It would be the most obvious sentence in this site’s history if I stated that water is one of the most crucial elements to human survival. It also is a major force we cannot always control. People suffer when their supplies are compromised or threatened; floods can destroy homes and towns; its regular use can keep us healthy and alive.
So, it’s not a huge surprise that Italian doom force Messa chose to focus on the vital element as the main topic of their new conceptual piece “Feast for Water.” From the opening moments of the record, you can hear waters rushing and welling, though as the record goes on, its presence is mainly in the words and lyrics. It fuels this impressive second record for this band that debuted a couple years ago on “Belfry” that certainly hinted at the promise they held. Yet here, they completely go for it mixing jazz, blues, and psychedelics into their heaviness on a record that’s often pulled back so that atmosphere can be achieved. It’s a wise move as it makes the heavier parts that much more impactful, and it allows the band to drape the songs in beauty and ambiance. The group—powerhouse vocalist Sara, guitarist/bassist Marco, guitarist/Rhodes piano player Alberto, and drummer Rocco—captures the imagination right away and continues to pound away at your psyche over these eight songs and nearly 50 excellent minutes that should open way more eyes and ears to their magic.
“Naunet” is a quick intro cut with waters rushing and cosmic noise spreading before moving into “Snakeskin Drape” where the liquid continues to bubble. Out of that comes Sara’s voice slowly emerging, burly doom popping, and as bluesy burnt edge to the guitar work. Then, the vocals soar into space, while the drama builds, bringing the song to a smashing end. “Leah” runs 8:09 and spills in on a droning riff and a spooky pace. The track is dark and alluring, with keys plotting their move and the singing coming softly. The power later kicks in, mixing psychedelic energy into the fray, and the blazing soloing that emerges helps light the way. Sara’s singing levels you, while the back end of the song sounds stoned and grimy. “The Seer” is the longest single track, going a healthy 8:19, all of which it dominates. Drums roll in as the slowly simmering plot begins to unfold. Strong riffs partner with jazzy melodies, while Sara’s singing swells and moves. The song’s flow goes back and forth from easy to rocky, cold to hot, as the playing mesmerizes, guitars blister and swagger toward the end, and Sara adds her final notes.
“She Knows” and “Tulsi” play like a single song, and if they were made into one, they’d make up the longest track at nearly 15 minutes. “She Knows” is super chilled out, with keys slinking, Sara’s voice prowling underneath the shadows, and a sense of elegance dashed across the track. Later, the tempo starts pushing and pulling back and forth, and the tranquility begins to show cracks. The soloing erupts, and before you know it, the band unexpectedly hits the gas pedal, sprawling into “Tulsi” where guitars moan, and moody playing sets the tone. The first hints of savagery make their mark, with Rocco’s screams crashing down, and then things get smoky and disorienting. Emotion hits another high point, while a jagged saxophone burst swelters, with the song bleeding away. “White Stains” starts with a sense of ease before things power up, and Sara blisters all sense of calm. The guitars buzz with feeling, while the soloing flashes and blinds your eyes, and it feels live lava is coming from the splits in the ground. Sara’s vocals again take hold of you, while the track simmers in power as it reaches its finish. Closer “Da Tariki Tariquat” is a closing instrumental that acts as an ideal bookend to “Naunet.” Guitars drip and create a tributary, the ambiance sends tingles, and the whole thing is allowed to fade into profound numbness, leaving you lying stunned and silent.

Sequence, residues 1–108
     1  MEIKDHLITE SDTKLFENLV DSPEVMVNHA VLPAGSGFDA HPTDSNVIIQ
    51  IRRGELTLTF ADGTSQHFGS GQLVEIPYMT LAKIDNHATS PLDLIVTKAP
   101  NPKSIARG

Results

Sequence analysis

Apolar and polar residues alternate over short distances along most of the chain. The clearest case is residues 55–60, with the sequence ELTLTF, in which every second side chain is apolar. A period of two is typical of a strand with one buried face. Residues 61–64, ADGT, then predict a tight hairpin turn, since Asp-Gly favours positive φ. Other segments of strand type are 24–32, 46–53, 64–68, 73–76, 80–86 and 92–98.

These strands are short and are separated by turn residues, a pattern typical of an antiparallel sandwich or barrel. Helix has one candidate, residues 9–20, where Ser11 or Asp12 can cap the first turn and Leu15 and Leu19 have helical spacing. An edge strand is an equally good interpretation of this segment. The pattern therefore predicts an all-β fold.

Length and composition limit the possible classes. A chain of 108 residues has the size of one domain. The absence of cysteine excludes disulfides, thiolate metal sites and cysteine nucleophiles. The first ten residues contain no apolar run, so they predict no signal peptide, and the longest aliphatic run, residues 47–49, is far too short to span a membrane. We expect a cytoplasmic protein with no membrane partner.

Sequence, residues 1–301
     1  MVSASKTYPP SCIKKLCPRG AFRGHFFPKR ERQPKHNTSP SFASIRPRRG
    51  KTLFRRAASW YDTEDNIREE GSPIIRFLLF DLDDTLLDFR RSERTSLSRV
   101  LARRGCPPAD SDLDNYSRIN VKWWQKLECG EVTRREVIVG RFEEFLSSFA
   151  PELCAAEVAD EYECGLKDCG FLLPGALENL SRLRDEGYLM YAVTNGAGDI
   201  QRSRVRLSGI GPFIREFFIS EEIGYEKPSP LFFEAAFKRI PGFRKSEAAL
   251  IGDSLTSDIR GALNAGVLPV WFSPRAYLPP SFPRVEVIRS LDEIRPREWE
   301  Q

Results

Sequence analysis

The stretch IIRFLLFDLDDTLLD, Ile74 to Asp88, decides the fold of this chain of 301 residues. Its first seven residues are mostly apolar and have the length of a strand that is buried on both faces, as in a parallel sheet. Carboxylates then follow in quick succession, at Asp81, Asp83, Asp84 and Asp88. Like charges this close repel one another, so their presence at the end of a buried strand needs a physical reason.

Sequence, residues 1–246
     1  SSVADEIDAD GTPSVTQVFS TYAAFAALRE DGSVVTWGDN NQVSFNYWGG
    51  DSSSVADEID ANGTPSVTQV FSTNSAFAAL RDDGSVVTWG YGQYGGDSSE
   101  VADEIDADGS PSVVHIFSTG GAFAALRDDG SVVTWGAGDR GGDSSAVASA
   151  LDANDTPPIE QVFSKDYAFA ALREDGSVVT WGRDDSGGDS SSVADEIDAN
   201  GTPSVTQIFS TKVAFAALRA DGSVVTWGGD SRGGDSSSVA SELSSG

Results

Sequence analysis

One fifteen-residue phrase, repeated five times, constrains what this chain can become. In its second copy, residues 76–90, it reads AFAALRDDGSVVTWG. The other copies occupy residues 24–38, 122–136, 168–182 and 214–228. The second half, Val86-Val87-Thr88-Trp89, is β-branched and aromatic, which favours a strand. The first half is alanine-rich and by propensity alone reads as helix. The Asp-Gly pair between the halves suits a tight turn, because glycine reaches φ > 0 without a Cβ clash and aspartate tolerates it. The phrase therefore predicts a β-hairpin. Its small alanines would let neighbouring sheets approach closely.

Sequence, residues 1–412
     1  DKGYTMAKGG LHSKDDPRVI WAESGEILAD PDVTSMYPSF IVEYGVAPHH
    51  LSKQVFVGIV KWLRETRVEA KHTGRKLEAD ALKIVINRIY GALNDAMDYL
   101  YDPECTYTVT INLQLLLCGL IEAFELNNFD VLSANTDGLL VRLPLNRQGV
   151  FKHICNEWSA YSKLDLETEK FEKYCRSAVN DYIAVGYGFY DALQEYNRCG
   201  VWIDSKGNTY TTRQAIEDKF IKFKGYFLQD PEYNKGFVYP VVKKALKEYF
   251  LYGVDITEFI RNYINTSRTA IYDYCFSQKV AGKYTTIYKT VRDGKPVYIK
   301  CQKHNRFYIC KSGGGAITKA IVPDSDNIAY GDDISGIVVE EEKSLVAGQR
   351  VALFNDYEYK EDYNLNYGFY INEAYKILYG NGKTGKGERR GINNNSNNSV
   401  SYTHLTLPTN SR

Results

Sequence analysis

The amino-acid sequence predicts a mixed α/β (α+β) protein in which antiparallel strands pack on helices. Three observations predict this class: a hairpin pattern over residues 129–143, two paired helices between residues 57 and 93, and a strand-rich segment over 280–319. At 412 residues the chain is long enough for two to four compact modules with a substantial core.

Messa’s liquid rituals on “Feast for Water” are intoxicating, mesmerizing, and bruising, paying homage to an element that makes up a large percentage of our world and bodies. This record rushes the senses and continues to do so as one song flows into the other, building another chapter to the story. This is the true coming of a new, enthralling doom force, one that seeks to capture you by their psychedelic wares rather than earth-smashing volume.
For more on the band, go here: https://www.facebook.com/MESSAproject
To buy the album, go here: http://www.auralwebstore.com/shop/index.php
For more on the label, go here: http://www.auralmusic.com/